Slug: war-of-the-worlds-extermination Date: 2005-07-01 Title: “War of the Worlds: Extermination” layout: post

Jodi and I went to see Spielberg's new movie, War of the Worlds last night. I wasn't sure what to expect, and had tried to stay away from spoiler sites (which are generally a guilty pleasure of mine). I read the original novel by H. G. Wells in an anthology I got as a kid, and also had heard the Orson Welles 'Mercury Theater on the Air' broadcast on cassette tape as a teen. Speilberg's vision borrows from both, and exudes the hopelessness and desperation that Orson Welles' interpretation captured so brilliantly.

This is not a summer blockbuster movie, though it's running in June and probably cost a gazillian bucks. This is an intense, visceral film, shot almost exclusively from street level. There are few, if any, of the wide, panning "money shots" that populate your typical "Independence Day"-type blockbuster.

The film follows deadbeat dad Ray Ferrier (Cruise) and his two kids as they make their way from New York to Boston during an alien invasion, and because of the intimate POV the audience almost never sees anything the main characters do not experience. Several times we see the military heading off to do battle with the alien tripods, but the action that typically fills our view and overwhelms the audience instead happens off screen. In Spielberg's vision, we instead experience the terror of the unknown - the frozen grip of the knowledge that "just over that hill" indescribably horrible things are happening, and there's nothing we can do about it. There are several scenes that rival the basement scenes in Signs - horror and dread at the inexplicable lights, sounds and violence taking place outside.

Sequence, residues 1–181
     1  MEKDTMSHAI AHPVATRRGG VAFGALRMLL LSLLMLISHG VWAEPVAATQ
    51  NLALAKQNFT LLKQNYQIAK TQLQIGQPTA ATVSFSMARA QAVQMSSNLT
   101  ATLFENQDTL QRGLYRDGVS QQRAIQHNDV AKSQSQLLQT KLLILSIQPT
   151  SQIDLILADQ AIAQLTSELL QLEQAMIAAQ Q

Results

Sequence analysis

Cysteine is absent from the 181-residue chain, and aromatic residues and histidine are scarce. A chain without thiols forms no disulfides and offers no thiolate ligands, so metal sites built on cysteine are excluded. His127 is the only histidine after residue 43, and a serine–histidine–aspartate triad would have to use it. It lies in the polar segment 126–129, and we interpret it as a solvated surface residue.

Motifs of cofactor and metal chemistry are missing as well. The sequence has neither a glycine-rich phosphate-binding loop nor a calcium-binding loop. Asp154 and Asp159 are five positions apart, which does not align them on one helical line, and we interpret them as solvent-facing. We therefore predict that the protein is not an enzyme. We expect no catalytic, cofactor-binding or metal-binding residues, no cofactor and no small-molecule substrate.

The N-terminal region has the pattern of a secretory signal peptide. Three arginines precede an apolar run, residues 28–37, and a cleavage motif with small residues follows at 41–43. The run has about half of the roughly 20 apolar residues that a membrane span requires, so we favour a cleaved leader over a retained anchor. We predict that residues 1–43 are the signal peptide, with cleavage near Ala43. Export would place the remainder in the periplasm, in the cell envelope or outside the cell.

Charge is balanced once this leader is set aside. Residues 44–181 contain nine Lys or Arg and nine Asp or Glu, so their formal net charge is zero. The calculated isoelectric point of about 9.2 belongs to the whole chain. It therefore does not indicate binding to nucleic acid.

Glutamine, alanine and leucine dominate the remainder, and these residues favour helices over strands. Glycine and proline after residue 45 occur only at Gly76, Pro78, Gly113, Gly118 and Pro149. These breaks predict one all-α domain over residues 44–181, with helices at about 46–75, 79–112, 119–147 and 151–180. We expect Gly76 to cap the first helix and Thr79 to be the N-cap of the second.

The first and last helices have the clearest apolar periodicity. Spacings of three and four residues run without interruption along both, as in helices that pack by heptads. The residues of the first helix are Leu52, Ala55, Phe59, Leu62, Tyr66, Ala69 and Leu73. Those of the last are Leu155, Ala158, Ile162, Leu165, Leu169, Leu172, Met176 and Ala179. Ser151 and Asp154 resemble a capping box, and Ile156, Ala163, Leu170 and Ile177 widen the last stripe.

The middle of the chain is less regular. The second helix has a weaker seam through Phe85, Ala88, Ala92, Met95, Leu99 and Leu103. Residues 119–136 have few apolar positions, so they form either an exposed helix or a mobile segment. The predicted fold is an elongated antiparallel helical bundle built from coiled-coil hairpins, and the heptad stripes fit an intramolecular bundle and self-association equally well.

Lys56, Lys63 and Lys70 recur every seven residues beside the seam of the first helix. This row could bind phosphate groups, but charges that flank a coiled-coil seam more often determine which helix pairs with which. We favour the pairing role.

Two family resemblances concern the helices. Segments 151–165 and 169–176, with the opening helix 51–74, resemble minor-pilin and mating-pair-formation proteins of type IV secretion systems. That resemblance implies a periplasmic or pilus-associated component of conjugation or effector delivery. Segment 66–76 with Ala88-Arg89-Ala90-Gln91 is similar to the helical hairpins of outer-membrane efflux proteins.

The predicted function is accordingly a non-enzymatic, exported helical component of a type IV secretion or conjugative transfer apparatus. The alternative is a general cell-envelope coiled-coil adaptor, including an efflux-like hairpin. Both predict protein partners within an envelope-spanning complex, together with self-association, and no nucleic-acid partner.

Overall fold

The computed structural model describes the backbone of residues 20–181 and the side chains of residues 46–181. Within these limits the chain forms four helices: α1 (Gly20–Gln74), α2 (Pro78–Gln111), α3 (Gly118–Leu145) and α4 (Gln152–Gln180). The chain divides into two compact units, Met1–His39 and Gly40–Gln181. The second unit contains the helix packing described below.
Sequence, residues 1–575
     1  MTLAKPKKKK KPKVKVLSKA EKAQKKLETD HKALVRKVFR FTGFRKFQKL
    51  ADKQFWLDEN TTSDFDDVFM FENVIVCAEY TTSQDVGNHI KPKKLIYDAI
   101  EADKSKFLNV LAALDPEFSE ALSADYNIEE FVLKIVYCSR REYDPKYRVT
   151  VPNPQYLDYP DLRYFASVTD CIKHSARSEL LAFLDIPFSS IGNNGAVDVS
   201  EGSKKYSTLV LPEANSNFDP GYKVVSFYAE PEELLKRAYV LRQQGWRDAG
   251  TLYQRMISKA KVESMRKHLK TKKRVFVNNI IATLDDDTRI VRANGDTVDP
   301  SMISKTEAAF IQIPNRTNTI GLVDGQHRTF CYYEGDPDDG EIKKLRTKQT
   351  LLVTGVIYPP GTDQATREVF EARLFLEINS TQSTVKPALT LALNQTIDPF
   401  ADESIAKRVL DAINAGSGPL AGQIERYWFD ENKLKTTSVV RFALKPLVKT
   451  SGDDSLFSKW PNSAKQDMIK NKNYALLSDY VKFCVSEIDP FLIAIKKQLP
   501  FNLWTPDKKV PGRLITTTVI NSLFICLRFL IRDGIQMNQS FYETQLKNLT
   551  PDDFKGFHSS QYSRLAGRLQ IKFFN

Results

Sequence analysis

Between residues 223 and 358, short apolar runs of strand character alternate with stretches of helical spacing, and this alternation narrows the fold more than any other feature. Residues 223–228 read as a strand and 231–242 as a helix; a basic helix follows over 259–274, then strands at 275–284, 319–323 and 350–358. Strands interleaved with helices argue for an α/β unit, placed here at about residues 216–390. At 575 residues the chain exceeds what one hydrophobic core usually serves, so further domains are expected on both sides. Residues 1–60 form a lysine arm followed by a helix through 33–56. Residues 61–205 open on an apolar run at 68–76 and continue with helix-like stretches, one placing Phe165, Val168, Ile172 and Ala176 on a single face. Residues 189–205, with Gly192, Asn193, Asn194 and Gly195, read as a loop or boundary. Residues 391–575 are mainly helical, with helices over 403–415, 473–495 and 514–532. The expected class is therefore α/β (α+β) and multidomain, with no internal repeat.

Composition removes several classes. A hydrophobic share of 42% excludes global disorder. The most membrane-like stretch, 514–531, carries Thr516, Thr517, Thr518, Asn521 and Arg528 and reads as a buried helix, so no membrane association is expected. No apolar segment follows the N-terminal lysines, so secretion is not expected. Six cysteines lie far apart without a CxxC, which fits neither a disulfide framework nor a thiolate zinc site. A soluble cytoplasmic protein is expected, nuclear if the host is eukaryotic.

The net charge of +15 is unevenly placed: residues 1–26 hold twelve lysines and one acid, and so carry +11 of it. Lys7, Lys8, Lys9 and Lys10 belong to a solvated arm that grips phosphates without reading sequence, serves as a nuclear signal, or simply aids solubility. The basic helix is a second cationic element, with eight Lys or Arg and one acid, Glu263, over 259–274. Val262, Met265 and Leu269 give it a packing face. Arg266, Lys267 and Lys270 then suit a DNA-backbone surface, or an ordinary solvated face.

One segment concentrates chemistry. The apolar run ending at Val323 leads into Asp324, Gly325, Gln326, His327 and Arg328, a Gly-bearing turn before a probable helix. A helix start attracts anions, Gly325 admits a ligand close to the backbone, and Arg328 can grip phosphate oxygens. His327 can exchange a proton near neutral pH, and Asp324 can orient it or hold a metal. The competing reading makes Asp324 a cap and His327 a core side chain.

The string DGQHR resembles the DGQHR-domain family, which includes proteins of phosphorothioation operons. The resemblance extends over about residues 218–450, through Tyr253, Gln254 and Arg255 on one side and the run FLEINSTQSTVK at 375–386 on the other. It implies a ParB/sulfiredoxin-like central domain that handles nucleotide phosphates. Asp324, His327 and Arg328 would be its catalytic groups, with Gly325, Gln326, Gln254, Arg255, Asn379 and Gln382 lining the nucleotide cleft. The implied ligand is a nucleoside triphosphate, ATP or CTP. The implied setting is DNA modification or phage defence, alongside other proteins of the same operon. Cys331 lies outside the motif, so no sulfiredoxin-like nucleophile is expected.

The film is not without its weaknesses, including the ending. We do get to see the aliens, which in a small way diminishes the "cold, unsympathetic, vast intelligences" described in the introduction to both novel and movie. But nevertheless I was glued to my seat the whole film, and was pleasantly surprised at the character arc given to Cruise, as well as what he does with it. The highlight of the film has to be the performance from Dakota Fanning ("Taken", "Man On Fire") as Ferrier's daughter Rachel. She is a scarily amazing actress - flawlessly portraying the innocent but mature-beyond-her-years child, then the confusion, denial, terror – even the vacancy of a mind overwhelmed.

All in all, I would completely recommend the movie, with the warning that this is an intense, and intensely personal, film. Enjoy, but take the PG13 rating seriously - it's not a kids movie.